In 2010, California led the nation in a category no state wants to brag about: the number of people younger than 65 without medical insurance.
Six million California adults under the age of 65 and 1 million children went without coverage in 2010, the latest year measured by the California HealthCare Foundation in its annual study. That meant this state has a bigger uninsured population than any other.
Proportionally speaking, California ranks eighth because 21 percent of its people are uninsured. Texas came in first in this category; more than a quarter of its population isn’t covered.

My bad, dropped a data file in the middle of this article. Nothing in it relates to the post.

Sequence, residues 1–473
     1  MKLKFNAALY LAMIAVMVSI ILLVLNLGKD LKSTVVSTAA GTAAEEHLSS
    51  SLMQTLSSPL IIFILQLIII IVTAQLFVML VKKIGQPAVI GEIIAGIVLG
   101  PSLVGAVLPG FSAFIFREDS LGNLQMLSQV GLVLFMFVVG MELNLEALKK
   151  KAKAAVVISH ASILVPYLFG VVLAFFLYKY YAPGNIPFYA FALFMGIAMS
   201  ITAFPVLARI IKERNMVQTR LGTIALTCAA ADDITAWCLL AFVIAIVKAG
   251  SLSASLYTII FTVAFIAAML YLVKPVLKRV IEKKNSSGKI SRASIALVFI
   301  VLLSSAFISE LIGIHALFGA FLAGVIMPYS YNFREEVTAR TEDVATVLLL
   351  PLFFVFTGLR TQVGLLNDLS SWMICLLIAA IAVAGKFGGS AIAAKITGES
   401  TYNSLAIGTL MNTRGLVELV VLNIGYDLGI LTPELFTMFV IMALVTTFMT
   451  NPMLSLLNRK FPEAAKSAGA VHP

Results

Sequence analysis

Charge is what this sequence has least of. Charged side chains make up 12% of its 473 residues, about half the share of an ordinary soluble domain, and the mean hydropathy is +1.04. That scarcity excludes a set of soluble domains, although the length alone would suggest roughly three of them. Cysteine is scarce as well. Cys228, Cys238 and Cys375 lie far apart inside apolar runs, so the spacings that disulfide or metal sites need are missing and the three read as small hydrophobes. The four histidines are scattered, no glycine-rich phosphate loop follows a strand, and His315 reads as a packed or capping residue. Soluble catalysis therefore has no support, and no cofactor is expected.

The study by the non-profit foundation also indicates that one in five Californians with family incomes between $50,000 to $75,000 a year have no medical insurance.
Latinos, 41 percent of California’s population, account for the largest numbers of uninsured in the state. Almost 60 percent lack coverage.
By contrast, just over a quarter of white Californians are uninsured. They make up 38 percent of the state’s population.